In fairness to Mary, it could be said that her downfall was inevitable, given the revolution that had taken place in Scotland; yet it was she herself who, unwittingly or not, provided the Lords with the means of bringing it about.
Anyone writing about Mary, Queen of Scots today has to penetrate beyond the several stereotypical images that have evolved throughout the centuries—the adulteress and murderess, the femme fatale, the romantic tragic heroine, the religious martyr and the foolish victim of her own passions—to look for the real Mary and attempt to establish some estimation of her true character in order to determine whether or not she was capable of murder.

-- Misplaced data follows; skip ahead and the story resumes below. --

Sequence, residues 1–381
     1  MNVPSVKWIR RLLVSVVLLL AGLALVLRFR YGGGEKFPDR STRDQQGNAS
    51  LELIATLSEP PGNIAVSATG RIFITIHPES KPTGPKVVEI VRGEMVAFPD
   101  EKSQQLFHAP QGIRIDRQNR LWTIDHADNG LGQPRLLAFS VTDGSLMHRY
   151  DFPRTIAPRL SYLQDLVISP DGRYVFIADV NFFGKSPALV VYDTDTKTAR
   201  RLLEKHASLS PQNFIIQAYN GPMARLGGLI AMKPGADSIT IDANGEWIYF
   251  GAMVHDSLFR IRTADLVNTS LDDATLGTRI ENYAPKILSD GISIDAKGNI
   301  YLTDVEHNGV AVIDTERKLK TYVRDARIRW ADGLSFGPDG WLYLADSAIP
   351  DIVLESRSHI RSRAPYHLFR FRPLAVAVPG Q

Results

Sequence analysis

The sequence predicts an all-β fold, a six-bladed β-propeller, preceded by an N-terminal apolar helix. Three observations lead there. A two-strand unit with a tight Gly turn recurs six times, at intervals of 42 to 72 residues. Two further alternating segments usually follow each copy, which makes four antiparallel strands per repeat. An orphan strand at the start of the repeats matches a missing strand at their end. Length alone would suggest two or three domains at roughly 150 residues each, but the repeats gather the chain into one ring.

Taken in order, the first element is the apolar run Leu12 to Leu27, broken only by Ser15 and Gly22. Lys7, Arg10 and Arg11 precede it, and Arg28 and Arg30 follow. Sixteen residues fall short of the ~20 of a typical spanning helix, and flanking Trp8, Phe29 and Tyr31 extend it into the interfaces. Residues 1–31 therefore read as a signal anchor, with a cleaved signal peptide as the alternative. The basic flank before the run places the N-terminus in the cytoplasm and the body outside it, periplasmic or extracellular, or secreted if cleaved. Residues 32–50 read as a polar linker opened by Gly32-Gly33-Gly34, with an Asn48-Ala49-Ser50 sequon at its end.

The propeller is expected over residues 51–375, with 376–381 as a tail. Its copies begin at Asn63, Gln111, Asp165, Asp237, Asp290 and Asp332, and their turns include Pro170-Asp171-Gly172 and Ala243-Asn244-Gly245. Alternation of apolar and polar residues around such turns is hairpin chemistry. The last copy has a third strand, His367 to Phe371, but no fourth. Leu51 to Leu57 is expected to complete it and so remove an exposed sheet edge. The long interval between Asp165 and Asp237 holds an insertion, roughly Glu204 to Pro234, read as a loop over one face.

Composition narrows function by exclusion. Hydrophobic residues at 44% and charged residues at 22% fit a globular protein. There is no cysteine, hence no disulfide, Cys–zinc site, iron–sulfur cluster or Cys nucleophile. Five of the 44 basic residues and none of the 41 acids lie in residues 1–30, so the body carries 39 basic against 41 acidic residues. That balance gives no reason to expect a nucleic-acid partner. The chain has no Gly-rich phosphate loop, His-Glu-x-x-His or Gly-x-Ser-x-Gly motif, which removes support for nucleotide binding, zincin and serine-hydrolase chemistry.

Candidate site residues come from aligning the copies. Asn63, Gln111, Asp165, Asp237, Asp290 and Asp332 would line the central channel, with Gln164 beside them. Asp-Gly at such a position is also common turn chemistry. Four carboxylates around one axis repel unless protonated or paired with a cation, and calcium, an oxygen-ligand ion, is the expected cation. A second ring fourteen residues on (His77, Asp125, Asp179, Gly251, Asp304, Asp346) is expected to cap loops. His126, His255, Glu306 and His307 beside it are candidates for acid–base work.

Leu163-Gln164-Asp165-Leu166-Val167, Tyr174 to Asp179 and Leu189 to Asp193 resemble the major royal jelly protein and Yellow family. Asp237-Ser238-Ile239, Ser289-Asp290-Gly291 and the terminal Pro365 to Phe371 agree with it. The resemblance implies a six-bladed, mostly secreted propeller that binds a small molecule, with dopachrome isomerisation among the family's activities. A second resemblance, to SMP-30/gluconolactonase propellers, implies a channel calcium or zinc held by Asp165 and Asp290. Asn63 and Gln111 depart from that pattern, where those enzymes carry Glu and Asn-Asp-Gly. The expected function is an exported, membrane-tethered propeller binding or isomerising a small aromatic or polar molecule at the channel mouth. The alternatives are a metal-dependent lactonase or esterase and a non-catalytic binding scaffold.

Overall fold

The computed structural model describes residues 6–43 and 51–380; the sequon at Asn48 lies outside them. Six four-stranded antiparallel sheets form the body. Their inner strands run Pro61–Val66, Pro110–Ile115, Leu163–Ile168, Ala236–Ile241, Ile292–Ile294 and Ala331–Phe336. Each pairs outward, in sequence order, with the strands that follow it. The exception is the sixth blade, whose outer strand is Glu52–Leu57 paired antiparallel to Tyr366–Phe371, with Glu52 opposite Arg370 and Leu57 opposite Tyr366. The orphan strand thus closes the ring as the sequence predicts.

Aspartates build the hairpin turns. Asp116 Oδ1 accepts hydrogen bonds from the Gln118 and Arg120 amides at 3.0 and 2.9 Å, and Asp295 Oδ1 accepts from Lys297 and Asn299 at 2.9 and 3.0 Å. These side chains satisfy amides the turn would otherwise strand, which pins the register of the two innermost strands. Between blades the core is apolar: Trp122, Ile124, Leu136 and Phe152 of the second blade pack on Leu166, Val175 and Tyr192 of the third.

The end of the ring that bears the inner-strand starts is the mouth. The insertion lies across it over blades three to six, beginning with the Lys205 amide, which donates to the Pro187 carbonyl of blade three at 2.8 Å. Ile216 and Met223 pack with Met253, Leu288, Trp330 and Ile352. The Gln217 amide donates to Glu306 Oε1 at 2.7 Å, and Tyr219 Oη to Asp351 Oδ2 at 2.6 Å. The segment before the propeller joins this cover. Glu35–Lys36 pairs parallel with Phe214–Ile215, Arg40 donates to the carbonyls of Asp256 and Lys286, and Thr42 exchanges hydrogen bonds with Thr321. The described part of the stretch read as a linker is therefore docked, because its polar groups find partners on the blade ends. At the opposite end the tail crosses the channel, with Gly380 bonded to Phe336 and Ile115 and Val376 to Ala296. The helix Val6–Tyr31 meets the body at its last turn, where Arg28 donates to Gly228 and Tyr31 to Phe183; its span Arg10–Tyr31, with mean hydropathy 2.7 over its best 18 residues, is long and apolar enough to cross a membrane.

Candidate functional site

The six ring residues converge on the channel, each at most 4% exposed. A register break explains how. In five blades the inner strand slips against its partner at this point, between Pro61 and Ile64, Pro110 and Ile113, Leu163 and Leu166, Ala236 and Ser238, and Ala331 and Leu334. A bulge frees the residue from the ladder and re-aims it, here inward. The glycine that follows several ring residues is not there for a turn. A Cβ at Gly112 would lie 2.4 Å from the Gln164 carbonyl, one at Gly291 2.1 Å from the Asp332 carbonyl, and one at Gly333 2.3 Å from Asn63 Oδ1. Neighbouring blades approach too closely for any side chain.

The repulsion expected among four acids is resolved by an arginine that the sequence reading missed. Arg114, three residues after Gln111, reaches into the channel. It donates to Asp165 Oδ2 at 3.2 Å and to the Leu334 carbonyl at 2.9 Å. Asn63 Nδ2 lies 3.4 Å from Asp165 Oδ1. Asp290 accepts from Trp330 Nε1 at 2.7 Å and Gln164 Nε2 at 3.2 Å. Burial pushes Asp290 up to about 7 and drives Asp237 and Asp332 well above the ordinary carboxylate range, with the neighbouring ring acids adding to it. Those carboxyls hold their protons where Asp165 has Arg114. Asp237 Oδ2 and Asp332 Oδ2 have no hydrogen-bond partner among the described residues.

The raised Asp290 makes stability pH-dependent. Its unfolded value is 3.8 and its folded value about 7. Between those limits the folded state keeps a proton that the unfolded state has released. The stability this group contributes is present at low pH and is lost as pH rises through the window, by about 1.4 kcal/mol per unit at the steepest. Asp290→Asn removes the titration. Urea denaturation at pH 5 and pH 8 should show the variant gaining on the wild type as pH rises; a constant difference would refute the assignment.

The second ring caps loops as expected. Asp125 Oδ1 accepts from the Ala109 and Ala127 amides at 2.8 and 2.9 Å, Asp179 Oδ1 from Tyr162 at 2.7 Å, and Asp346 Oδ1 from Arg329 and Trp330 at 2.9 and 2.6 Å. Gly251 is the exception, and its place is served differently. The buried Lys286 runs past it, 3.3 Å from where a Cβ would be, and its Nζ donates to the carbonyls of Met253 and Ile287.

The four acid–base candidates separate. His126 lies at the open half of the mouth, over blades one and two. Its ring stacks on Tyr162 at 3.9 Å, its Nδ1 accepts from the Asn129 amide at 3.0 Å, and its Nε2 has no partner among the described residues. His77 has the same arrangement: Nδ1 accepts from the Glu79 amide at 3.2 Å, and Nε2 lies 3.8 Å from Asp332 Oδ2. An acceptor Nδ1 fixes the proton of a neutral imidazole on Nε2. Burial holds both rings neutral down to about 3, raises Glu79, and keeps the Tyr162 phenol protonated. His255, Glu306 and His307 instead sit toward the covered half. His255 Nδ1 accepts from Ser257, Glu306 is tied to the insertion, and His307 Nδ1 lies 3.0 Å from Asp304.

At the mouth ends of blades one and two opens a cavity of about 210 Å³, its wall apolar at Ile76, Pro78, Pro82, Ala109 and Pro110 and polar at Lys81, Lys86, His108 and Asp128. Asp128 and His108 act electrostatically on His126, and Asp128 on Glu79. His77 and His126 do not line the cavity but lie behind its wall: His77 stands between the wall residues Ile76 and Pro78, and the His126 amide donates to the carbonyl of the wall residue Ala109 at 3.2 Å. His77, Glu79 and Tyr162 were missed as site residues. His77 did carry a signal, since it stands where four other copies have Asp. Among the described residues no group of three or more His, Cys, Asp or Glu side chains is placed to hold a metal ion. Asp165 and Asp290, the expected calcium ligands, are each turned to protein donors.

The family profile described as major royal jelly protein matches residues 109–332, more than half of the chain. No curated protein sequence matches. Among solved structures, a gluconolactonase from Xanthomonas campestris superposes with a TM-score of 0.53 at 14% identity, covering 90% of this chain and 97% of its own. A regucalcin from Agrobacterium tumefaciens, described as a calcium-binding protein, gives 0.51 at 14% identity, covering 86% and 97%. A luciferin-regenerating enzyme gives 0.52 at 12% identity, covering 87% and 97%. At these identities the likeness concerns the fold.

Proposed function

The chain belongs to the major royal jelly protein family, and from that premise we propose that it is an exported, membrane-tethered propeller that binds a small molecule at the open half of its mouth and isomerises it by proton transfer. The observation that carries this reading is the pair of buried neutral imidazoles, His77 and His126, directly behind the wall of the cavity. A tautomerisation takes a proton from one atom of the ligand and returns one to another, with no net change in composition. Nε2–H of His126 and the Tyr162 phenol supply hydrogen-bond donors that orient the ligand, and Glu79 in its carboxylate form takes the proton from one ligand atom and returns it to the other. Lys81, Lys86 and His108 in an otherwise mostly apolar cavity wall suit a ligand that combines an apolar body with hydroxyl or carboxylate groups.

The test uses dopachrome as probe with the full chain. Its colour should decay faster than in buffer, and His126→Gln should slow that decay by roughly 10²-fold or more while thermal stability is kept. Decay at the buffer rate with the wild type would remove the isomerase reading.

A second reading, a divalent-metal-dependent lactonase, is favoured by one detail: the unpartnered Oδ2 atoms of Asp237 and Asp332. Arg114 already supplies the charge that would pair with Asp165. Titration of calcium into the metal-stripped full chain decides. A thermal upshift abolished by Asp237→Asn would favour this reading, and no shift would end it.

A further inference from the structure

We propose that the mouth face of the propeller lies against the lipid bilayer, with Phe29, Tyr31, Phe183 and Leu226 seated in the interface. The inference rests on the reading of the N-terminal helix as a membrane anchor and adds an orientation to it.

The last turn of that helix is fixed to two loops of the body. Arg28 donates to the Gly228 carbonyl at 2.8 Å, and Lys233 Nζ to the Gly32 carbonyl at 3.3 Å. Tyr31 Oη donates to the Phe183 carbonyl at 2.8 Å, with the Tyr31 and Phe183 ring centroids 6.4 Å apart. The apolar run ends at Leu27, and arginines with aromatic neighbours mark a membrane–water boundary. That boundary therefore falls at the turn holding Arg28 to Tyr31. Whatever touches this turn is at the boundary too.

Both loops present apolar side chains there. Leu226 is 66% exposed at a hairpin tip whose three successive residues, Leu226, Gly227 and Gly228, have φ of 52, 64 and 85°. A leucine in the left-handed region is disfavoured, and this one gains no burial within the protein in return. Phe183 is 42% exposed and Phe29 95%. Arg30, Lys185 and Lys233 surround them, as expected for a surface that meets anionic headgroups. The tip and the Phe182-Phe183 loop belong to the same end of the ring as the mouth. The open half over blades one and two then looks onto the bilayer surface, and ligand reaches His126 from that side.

Central to the issue of Mary’s guilt, seemingly, are the controversial Casket Letters. If genuine, they go a long way towards proving her involvement in Darnley’s murder, but many have argued that they are forgeries or genuine letters that have been deliberately altered by Mary’s enemies. It should be said, however, that Mary’s guilt or innocence can be determined by other evidence than the Casket Letters, and that their importance has been somewhat overstated.
Some historians have described Mary as a foolish, passionate woman who was entirely without moral sense, and who was selfish, wilful, reckless, irresponsible and incapable of self-sacrifice. One even called her a nymphomaniac. Her enemies would later emphasise her moral depravity: Buchanan wrote of her “surface gloss of virtue” and Knox compared her to Jezebel. “We call her not a whore,” he wrote, “but she was brought up in the company of the vilest whoremongers.”